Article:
Urovant starts pursuit of Astellas’ overactive bladder drug Myrbetriq with new phase 3 trial

KeithKatkin
The biotech’s recently appointed CEO Keith Katkin praised the efforts of the Urovant team in preparing the trial within a year of the company’s formation. (Roivant)

A little later than expected, Roivant group company Urovant has started its confirmatory phase 3 program for overactive bladder (OAB) drug vibegron, originally licensed from Merck & Co.

The pivotal trial—which was originally expected to get underway last year—will involve around 1,400 adults with symptoms of OAB such as urge urinary incontinence, urgency, and urinary frequency, according to Urovant.

The drug already has positive phase 2b and phase 3 data in hand, so if the latest trial is positive Urovant should be able to move ahead with regulatory filings. If approved, it could become a direct competitor to Astellas’ Myrbetriq (mirabegron), the first beta3-adrenergic agonist to reach the market for OAB. And that could present a big commercial opportunity: Astellas reported sales of its drug rose 30% to 93.1 billion yen ($876 million) in the nine months to end-January 2018 with take-up driven by greater tolerability than the widely used antimuscarinic OAB drug class.

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The new study will compare oral beta3-adrenergic agonist vibegron to placebo as well as antimuscarinic mainstay tolterodine over 12 weeks. The two main outcome measures will be the change from enrollment in the average number of urinations over 24 hours, and the change in the number of urge urinary incontinence episodes in patients experiencing at least one episode per day.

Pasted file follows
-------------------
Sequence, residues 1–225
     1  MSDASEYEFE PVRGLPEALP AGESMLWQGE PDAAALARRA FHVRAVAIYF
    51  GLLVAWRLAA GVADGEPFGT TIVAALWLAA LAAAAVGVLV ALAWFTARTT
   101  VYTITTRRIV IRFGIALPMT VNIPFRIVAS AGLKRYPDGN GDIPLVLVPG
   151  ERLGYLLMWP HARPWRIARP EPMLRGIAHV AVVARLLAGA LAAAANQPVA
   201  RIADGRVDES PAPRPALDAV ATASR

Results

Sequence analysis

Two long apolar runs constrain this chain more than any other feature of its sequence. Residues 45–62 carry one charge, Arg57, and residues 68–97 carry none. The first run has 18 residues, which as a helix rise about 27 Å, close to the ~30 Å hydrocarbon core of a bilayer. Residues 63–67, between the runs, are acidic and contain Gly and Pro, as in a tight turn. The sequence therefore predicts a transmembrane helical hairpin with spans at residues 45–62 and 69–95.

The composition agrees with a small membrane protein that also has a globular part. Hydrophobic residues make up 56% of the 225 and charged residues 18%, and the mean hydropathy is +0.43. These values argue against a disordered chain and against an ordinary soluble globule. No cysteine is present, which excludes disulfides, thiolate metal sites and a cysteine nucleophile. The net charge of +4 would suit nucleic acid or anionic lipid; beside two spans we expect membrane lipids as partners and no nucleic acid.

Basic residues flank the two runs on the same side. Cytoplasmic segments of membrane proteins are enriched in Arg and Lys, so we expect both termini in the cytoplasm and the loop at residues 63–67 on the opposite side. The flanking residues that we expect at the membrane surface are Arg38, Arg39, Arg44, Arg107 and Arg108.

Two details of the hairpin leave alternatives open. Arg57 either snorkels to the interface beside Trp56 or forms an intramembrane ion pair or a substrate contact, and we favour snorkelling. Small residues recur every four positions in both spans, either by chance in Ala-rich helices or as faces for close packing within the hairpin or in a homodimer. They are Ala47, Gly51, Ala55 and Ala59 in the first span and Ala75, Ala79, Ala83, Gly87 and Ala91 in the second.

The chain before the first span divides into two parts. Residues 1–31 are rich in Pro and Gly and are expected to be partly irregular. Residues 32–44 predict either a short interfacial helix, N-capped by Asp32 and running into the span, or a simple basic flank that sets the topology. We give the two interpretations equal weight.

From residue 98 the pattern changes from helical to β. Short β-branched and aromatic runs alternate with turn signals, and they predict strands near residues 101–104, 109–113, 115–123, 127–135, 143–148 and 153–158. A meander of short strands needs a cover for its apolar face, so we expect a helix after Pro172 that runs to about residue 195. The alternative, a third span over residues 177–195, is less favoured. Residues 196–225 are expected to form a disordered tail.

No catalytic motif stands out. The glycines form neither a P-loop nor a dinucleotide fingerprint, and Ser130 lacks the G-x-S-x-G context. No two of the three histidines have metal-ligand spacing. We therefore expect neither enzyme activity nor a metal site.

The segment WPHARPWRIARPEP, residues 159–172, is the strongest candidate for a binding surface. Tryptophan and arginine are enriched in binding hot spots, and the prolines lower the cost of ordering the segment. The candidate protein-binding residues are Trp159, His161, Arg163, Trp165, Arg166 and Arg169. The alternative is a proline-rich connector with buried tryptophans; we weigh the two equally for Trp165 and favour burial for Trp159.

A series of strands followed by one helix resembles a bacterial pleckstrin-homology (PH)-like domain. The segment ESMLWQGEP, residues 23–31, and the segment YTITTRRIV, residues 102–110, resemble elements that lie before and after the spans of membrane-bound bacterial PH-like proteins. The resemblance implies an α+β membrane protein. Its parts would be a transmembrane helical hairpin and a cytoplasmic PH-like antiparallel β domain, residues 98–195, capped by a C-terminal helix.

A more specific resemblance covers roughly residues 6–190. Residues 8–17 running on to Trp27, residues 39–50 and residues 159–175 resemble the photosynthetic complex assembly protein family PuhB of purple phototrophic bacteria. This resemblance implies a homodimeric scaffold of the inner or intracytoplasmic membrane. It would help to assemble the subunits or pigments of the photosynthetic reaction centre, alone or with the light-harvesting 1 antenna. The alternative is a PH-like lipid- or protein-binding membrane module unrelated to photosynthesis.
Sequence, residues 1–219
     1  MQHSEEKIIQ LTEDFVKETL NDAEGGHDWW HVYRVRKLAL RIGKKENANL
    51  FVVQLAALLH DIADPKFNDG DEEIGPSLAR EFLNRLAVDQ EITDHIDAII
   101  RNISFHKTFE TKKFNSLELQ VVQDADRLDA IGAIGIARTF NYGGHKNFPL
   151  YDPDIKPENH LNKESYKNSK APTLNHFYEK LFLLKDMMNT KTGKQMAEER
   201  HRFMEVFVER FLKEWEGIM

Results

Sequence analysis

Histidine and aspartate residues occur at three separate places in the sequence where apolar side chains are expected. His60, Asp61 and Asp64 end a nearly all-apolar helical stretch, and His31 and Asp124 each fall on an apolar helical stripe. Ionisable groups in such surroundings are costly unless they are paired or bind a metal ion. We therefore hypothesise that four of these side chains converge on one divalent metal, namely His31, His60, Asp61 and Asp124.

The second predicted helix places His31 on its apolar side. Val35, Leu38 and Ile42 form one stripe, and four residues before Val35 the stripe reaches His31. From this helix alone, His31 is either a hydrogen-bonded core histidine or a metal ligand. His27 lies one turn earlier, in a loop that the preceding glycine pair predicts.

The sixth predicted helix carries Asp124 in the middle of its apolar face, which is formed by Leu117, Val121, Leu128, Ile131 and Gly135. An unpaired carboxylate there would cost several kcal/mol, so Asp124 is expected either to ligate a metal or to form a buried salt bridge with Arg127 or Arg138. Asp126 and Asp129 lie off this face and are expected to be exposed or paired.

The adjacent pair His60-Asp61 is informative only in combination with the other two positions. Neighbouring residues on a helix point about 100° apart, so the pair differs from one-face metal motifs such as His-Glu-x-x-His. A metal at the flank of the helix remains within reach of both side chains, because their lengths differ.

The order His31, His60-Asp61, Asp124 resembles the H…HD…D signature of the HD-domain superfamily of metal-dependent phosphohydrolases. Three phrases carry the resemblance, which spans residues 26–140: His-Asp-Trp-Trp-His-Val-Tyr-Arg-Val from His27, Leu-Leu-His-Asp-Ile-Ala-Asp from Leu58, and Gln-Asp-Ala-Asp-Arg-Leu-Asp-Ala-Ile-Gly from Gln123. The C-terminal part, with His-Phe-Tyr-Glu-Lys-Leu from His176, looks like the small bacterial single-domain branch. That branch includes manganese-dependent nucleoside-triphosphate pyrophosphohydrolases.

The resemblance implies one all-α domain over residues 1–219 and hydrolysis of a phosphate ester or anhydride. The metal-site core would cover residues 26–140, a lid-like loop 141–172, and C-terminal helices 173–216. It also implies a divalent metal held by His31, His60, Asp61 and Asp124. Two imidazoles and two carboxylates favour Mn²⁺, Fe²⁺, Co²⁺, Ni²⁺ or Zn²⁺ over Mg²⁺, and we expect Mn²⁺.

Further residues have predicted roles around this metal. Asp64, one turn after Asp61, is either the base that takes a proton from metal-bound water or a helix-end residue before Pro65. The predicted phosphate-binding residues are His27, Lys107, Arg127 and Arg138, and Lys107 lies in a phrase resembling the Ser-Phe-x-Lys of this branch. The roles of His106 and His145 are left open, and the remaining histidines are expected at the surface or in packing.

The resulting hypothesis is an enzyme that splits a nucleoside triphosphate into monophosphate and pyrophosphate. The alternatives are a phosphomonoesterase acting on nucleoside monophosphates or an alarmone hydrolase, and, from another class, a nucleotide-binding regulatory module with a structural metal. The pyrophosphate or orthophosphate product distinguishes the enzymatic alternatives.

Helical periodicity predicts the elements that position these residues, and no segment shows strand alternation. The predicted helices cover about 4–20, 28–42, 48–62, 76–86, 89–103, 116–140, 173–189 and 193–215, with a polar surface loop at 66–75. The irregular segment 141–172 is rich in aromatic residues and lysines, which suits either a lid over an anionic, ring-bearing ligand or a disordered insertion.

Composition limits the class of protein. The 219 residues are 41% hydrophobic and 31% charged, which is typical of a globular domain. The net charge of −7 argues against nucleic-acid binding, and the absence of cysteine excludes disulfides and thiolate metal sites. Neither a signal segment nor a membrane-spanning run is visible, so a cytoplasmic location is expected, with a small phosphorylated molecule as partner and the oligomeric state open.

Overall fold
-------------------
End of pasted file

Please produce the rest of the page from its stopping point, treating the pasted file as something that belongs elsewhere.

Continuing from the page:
Secondary endpoints will include changes in the frequency of incontinence episodes and urinary urgency episodes, as well as self-reported quality of life scores.

The biotech’s recently appointed CEO Keith Katkin—previously head of Avanir Pharma—praised the efforts of the Urovant team in preparing the trial within a year of the company’s formation.

“Overactive bladder affects millions of individuals and patients need better alternatives to the current standard of care,” he said.

Like mirabegron, vibegron works by stimulating a pathway that results in the relaxation of the bladder detrusor muscle, which in turn allows the bladder to store urine more efficiently.

Urovant was set up by Roivant last June to focus on urological disorders with vibegron as its only clinical drug candidate. It follows the standard Roivant model of picking up rights to promising drugs that are at risk of being shelved due to shifting priorities and licensed has global rights to vibegron (formerly known as MK-4618) outside Japan and certain other territories in Asia. In the latter markets, Kyorin is developing the drug under a license deal with Merck signed in 2014.

Roivant and its founder Vivek Ramaswamy could do with some good clinical trial news after a tricky few months punctuated by the abandonment of intepirdine for Alzheimer’s disease—in development at its Axovant company—and disappointing data for nelotanserin in Lewy body dementia (LBD) and Parkinson’s disease dementia.

The group is showing no signs of stopping its harvesting of new candidates, however, snapping up an antibiotic and drug for diabetes in the last few weeks alone.